Former FBI Director To Investigate NFL's Handling Of Ray Rice Case
NFL Commissioner Roger Goodell announced late Wednesday that former FBI Director Robert Mueller III will investigate the league's handling of the Ray Rice case.
Mueller’s investigation will be overseen by New York Giants owner John Mara and Pittsburgh Steelers owner Art Rooney. Mueller's final report will be made public, according to a statement from the NFL:
Former FBI Director Robert S. Mueller III will conduct an independent investigation into the NFL's pursuit and handling of evidence in the Ray Rice domestic violence incident, Commissioner Roger Goodell announced tonight. Director Mueller's investigation will be overseen by NFL owners John Mara of the New York Giants and Art Rooney of the Pittsburgh Steelers, and the final report will be made public.
The statement adds that no one inside the NFL offices saw footage of Rice punching his then-fiancee before a video of the assault surfaced Monday.
Muller was nominated to lead the FBI by George W. Bush. Prior to that, he worked as a litigator in San Francisco, as an assistant United States attorney, and as a partner at a Boston law firm, among other jobs. He also has led the United States Department of Justice and during his career has worked on cases involving white-collar crime, financial fraud, terrorism, drugs, corruption, and other things.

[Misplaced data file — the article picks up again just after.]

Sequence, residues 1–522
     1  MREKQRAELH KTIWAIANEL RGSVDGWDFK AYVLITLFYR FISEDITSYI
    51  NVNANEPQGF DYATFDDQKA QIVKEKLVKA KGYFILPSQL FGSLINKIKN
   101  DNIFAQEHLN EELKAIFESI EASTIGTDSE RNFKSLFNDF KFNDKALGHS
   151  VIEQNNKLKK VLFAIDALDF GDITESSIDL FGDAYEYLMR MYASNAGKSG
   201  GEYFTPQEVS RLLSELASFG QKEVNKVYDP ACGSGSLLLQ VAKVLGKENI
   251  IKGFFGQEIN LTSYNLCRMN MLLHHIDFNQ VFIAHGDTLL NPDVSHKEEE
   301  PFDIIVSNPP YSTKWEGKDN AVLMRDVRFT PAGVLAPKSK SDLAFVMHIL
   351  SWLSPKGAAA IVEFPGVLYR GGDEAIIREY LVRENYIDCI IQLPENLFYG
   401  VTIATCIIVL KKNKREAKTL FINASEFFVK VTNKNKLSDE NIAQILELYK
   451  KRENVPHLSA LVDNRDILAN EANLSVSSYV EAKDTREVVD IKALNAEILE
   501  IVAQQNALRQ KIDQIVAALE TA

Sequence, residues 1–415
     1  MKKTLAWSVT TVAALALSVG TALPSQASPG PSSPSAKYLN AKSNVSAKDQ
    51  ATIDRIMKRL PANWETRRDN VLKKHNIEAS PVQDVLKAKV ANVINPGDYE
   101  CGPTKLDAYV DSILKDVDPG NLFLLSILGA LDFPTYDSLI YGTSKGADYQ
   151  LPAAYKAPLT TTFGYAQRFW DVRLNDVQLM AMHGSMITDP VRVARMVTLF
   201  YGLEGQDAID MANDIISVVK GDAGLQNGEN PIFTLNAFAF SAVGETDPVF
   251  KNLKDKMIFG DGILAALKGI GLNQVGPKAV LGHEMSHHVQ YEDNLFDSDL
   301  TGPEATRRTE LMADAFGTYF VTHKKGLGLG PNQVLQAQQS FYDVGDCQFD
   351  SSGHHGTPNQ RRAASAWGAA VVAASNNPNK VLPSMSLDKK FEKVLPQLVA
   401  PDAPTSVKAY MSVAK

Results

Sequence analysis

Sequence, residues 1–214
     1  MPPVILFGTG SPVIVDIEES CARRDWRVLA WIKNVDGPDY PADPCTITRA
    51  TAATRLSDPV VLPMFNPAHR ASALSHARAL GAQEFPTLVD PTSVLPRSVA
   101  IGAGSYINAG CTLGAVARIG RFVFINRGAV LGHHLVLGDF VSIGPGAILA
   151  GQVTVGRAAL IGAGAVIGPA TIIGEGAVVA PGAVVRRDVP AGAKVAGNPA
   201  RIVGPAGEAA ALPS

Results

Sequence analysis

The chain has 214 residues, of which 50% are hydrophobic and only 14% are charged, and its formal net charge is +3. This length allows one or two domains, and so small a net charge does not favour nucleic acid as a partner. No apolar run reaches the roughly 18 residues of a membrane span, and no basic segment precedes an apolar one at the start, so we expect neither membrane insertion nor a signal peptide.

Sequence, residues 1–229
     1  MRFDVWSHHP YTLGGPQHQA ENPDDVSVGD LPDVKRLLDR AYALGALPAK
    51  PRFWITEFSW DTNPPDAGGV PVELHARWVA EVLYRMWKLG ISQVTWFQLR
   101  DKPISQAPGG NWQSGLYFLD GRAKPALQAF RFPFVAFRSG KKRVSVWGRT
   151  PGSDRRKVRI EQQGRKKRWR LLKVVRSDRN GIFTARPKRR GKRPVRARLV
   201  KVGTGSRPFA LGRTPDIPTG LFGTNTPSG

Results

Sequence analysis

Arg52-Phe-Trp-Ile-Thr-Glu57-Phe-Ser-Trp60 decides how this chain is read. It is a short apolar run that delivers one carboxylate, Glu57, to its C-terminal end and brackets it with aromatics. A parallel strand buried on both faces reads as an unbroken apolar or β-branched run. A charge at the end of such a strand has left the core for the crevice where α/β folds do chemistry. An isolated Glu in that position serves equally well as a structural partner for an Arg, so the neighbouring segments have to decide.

TMZ released the video of the assault Monday, which prompted the NFL to suspend Rice indefinitely.
After the video went public, the Baltimore Ravens released Rice and the NFL imposed the indefinite suspension.
Rice initially was disciplined for the incident in July, when the NFL suspended him for two games. He avoided criminal prosecution for the assault by entering an intervention program.
The NFL has taken heavy criticism for its handling of the Rice case, and many have called for commissioner Roger Goodell to step down.
Goodell said Tuesday that NFL officials had not see the Rice video prior to it going public because authorities didn’t make it available to them. However, the Associated Press reported Wednesday that the NFL actually received the video in April.
In a letter, Goodell defended himself, saying the NFL “asked the proper law enforcement authorities to share with us all relevant information, including any video of the incident,” but did not receive the footage.
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